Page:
As we look ahead in 2016, seven B.C. post-secondary leaders share with us the top Educational Technologies they are excited to learn, test and teach. Find out which technology trends are on the radar of these EdTech specialists and which ones we should be keeping a closer eye on in the not-too-distant future.

Lucas Wright – Learning Technology Specialist, University of British Columbia

“An interesting trend that I have been hearing about more from faculty is the development and interest in emerging collaborative learning spaces. More faculty are developing assignments where students create and edit Wikipedia articles. Another space that there is growing interest in especially in  Science and Engineering is the Jupyter Notebook ‘a web application that allows you to create and share documents that contain live code, equations, visualizations and explanatory text.’ Gitbooks makes writing, collaborating and versioning accessible for the classroom. These collaborative tools allow instructors to move beyond the ‘throwaway’ assignment and engage their students in the production of content, code and the research process.”

Janni Aragon – Director, Technology Integrated Learning, University of Victoria

“I am excited to see more DIY making and hacking of spaces, sites, and culture in 2016. I am hopeful that 2016 will include more opportunities for ed tech to empower students. In terms of an app that could be extremely useful for all of us – I am smitten with Jane McGonigal’s Super Better app. I am gamifying my attempt to be Super Better, and took up her suggestion to play Monument Valley, which I love.”

Meg Goodine, Manager, Learning Technologies, Kwantlen Polytechnic University

“In partnership with the library, we launched our first try at a digital badge in September of last year. We have awarded over 2, 750 badges to students who completed a plagiarism awareness tutorial which says to us that faculty are open to this kind of digital recognition. In the coming year, I’d like to see us explore other digital badging opportunities, especially ones where students can see the value of being able to link to evidence of their learning.”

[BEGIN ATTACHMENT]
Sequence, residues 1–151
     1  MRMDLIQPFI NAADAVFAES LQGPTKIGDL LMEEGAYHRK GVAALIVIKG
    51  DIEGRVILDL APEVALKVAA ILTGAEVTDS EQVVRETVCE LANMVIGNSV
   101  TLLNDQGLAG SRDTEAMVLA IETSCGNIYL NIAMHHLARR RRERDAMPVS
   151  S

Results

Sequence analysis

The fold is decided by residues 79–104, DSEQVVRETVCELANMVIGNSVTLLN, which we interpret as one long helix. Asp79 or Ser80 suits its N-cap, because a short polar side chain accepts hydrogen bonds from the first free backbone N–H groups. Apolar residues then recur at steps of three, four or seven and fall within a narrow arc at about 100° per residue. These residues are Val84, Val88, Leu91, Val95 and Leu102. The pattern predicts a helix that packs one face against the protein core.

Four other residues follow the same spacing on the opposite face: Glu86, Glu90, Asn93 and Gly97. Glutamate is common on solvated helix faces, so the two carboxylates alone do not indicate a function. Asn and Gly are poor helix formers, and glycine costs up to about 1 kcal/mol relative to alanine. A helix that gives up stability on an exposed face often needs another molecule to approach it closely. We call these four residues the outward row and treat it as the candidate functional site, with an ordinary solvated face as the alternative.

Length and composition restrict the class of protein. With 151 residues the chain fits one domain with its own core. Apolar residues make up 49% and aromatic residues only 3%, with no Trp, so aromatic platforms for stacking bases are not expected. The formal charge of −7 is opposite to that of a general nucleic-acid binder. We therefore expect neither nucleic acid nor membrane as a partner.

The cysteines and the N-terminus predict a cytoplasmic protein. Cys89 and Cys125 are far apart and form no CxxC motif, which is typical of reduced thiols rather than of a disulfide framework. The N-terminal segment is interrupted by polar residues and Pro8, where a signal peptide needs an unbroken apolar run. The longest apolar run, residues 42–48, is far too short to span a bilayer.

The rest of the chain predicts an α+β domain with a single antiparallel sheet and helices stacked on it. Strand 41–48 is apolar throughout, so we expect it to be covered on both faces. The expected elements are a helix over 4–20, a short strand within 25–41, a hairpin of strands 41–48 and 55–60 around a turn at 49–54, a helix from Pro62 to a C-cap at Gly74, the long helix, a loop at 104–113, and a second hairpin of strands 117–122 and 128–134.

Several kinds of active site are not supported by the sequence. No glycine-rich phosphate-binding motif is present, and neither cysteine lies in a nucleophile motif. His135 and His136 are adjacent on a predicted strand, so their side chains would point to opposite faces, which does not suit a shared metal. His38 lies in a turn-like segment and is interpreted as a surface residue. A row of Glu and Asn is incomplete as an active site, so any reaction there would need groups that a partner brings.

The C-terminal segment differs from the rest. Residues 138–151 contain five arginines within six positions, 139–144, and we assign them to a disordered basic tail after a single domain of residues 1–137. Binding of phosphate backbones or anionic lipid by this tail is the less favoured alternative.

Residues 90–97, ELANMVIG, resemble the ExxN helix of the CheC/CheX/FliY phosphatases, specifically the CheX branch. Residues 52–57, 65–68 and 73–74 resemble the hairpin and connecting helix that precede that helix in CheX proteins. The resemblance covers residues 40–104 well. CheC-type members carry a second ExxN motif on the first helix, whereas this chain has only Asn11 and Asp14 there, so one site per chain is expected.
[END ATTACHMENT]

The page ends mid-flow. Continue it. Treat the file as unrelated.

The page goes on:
Michael Paskivicus, Learning Technologies Application Developer, Vancouver Island University

“I am excited by the potential offered through Web Real-Time Communication (WebRTC). This open protocol supports real-time synchronous multimedia communication capabilities directly in a compatible web browser without requiring specific applications or plugins. The technology is open source, free, standardized, and rapidly being built into desktop and mobile web browsers. I see potential here for increased and easily initiated communication between learners and faculty, modern support for fully online courses and virtual office hours, and facilitating collaborative learning and group work.”

Terri Bateman – Instructional Designer, North Island College

“What’s interesting to me right now is seeing the integration of existing technologies; the fringe and the status quo are converging. Actual alternatives to the LMS are appearing, whereas before we just heard that it should die. 3D printing is more than just a cool thing, there are mainstream applications. I’m seeing more and more open content and sharing of information and that’s exciting to me. So for me it’s not exactly shiny new things, it’s more that I can see things coming together and I look forward to implementing and advancing these ideas.”

Carlos da Cruz Alves, Manager, Course Production, Royal Roads University

“Evolving technologies are, many times, more affordable than their revolutionary counterparts. Inexpensive robotic gadgets, like Lego Mindstorms, are opening an era of custom-made robots that can serve us and help us to learn a way that is accessible to virtually anyone for a fraction of the cost they used to be. New and affordable high-res 4K gadgets will also allow us to develop learning objects and simulations to a great level of detail. Video capturing and editing apps are finally getting to a point that are of high quality, powerful, inexpensive, and easy to learn at the same time.”

Michael Minions, Educational Technology Coordinator, Okanagan College

“As part of my ongoing experiments in how remote students can join a regular face-to-face class, I’ve been playing with the Kubi robot. I went to a history class by Kubi and everything worked great – until the prof handed out the 10 question in-class quiz on a piece of paper. I could sort of read the questions, but I had no way to hold a pencil. So there’s still a bit of adaptation required in the instructional methods, but that’s what I’m looking at for the next few months.”

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